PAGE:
I came upon this little group on the way to the Trevi fountain.
Pinocchio certainly gets around.
It is time for me to go home to Australia. I hate to leave Casa Debbio, especially as the garden is really starting to take shape. I have planted lots of new things and I have been enjoying watching everything grow.
Thursday was my last day at the house and it was a perfect end to my stay. The weather was delightful and Sisto turned on his music for my final dinner on the terrace. Fireflies arrived a bit later and I went to bed to the sound of hooting owls.
The only disappointment was that my lavender, which has more than doubled in size since last year, didn’t turn purple for me. The flowers are all there ready to go, but they didn’t take the final step. I have been talking to them every day in both English and Italian, trying to encourage them, but to no avail…maybe next week, but I won’t be there to see it.
Here is a little collection of scenes from Casa Debbio over the last couple of weeks.
I have been eating cherries from the tree, there is one gooseberry getting ripe, and lots of figs. The tomatoes, strawberries and raspberries are growing and the little herb garden is going well. My peonies are all growing and I am hoping for lots of flowers next spring along with the rhododendrons under the hazelnut trees.
I know Filippo will do a great job of looking after them for me. When I get back in autumn we will plant more apples, pears, plums, cherries, figs and olives on the terraces. Next spring there will be masses of blossoms…can’t wait.
I just hope the mufloni don’t move in and start eating everything.
I was up bright and early on Sunday morning in Spello to see the progress on the flower carpets. At 6.30am the blockaded areas were alive with tired looking people putting finishing touches to their works of art.
It is just as well I scooted around early as the streets were full of people by 8.00am, making it difficult to get close to the work.
Anyway, here are some of the completed carpets. I think you will be amazed. In very few cases was I able to get a high vantage point, so there are some odd angles.
I did have a favourite.
I stayed at the very fabulous Palazzo Bocci in the main street. I managed to hang out of a window to see one carpet from above.
I positioned myself in front of the church to watch the entourage enter for the mass.
You can just see the top of a hat as its wearer enters the church.
Then I waited in the hot sun for them to reappear and walk the carpets.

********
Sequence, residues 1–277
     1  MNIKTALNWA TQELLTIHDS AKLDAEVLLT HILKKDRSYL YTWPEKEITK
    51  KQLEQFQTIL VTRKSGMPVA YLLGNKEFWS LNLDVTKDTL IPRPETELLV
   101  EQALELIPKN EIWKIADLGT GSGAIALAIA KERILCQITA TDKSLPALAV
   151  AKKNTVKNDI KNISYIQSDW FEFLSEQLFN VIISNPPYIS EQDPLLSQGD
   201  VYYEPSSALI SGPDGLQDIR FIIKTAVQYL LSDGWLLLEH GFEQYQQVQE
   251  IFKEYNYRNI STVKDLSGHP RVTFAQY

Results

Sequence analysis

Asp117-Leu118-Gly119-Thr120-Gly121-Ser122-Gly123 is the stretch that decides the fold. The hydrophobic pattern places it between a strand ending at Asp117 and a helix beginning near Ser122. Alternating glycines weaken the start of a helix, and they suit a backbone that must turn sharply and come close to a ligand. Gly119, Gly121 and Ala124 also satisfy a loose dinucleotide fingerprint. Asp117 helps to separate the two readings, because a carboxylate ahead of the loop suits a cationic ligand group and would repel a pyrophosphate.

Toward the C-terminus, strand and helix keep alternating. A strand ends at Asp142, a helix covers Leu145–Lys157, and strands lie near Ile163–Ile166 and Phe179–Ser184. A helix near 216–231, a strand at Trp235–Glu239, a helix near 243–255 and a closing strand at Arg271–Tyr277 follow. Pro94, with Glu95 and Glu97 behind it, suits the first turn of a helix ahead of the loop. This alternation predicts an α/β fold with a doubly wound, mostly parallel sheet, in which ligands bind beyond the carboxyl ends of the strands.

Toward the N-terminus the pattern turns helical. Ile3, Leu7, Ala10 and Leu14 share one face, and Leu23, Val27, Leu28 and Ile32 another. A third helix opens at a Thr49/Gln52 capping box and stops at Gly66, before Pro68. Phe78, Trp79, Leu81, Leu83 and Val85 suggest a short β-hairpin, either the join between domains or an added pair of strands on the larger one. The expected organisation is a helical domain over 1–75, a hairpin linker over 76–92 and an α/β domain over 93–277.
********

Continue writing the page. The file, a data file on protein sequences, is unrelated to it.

The carpet survived its first trampling and most people walked carefully beside them on their way up the street. It seems a shame they don’t last forever.
After one more look from the window I called it a day and went home.
I wonder how long the carpets last before they are blown away by the wind and kicked by countless feet…anyway there is always next year.
I am in Spello for the Infiorata, a celebration held every year on Corpus Domini, the 9th Sunday after Easter. Around 1,000 people gather on the Saturday evening before to create carpets made of flower petals on the narrow streets of this gorgeous town in Umbria.
Spello is full of flowers anyway. Take a look at some of the lovely gardens.
This afternoon tents were erected to protect the areas to be covered with flower petals.
Thousands of flowers were pulled apart and separated into colours.
The designs are laid out on the streets. Some are very complicated.
Some are much more simple.
At about 7.00pm work begins on the designs.
Food is cooked in the streets to feed the hungry workers.
At midnight the streets were still full with people creating art and people watching them.
…and the whole town smells like flowers.
In the morning there will be a procession led by the bishop through the streets, trampling all the beautiful flower carpets.
I will be up bright an early to see the creations before they disappear.
The bronze horses on the facade of Basilica San Marco in Venice are replicas. ( They are not looking their best now anyway as the facade is under scaffolding )
The originals were installed on the balcony above the door in about 1254. They were well travelled by the time they arrived in Venice. They possibly once adorned the Arch of Trajan and they were on display at the Hippodrome of Constantinople.
In 1204 Doge Dandolo sent them back to Venice. They were on the move again when Napoleon borrowed them and took them to Paris in 1797. They were returned to Venice in 1815.
The horses were restored slowly and carefully from the 1970s and are now on display in the museum inside the basilica. They are very impressive and you can get quite close to them.
To get to the museum, take the steps inside the entrance to the basilica. It is well worth the climb and for €5 you get to see the museum, a bird’s eye view of the interior of the cathedral and walk on the outside terrace for views of Piazza San Marco…I’ll show you those another day.
There is a tabernacle at the end of the street where the Florence Central Markets are…the Tabernacle of Fonticine…named for the little fountain at the bottom.
Tabernacles are niches with sculptures, often with frescoes or columns and a small roof. They are found on street corners, or on the side of a square, or even in tiny, narrow streets. They are usually covered by glass. Florentines felt the need to put up holy images to protect their houses and their families. There are about 1,200 in Florence.